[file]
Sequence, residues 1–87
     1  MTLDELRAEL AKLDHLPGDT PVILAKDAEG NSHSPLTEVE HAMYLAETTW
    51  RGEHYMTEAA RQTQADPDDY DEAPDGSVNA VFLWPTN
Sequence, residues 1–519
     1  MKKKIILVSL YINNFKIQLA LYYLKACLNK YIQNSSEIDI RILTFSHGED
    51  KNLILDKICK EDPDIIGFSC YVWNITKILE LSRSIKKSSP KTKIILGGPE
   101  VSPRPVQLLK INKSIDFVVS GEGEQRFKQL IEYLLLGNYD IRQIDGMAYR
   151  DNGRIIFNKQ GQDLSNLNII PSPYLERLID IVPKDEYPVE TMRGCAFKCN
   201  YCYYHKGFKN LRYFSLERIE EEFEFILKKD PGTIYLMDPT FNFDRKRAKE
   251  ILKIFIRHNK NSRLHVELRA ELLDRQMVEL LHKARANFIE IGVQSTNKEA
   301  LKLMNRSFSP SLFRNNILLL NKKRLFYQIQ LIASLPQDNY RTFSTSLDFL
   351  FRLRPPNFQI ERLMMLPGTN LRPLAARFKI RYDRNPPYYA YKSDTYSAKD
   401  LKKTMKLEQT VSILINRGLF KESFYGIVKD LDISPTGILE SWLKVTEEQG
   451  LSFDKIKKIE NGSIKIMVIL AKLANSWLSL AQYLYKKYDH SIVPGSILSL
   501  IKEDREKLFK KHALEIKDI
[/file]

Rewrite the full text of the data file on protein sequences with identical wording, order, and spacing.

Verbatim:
Sequence, residues 1–87
     1  MTLDELRAEL AKLDHLPGDT PVILAKDAEG NSHSPLTEVE HAMYLAETTW
    51  RGEHYMTEAA RQTQADPDDY DEAPDGSVNA VFLWPTN
Sequence, residues 1–519
     1  MKKKIILVSL YINNFKIQLA LYYLKACLNK YIQNSSEIDI RILTFSHGED
    51  KNLILDKICK EDPDIIGFSC YVWNITKILE LSRSIKKSSP KTKIILGGPE
   101  VSPRPVQLLK INKSIDFVVS GEGEQRFKQL IEYLLLGNYD IRQIDGMAYR
   151  DNGRIIFNKQ GQDLSNLNII PSPYLERLID IVPKDEYPVE TMRGCAFKCN
   201  YCYYHKGFKN LRYFSLERIE EEFEFILKKD PGTIYLMDPT FNFDRKRAKE
   251  ILKIFIRHNK NSRLHVELRA ELLDRQMVEL LHKARANFIE IGVQSTNKEA
   301  LKLMNRSFSP SLFRNNILLL NKKRLFYQIQ LIASLPQDNY RTFSTSLDFL
   351  FRLRPPNFQI ERLMMLPGTN LRPLAARFKI RYDRNPPYYA YKSDTYSAKD
   401  LKKTMKLEQT VSILINRGLF KESFYGIVKD LDISPTGILE SWLKVTEEQG
   451  LSFDKIKKIE NGSIKIMVIL AKLANSWLSL AQYLYKKYDH SIVPGSILSL
   501  IKEDREKLFK KHALEIKDI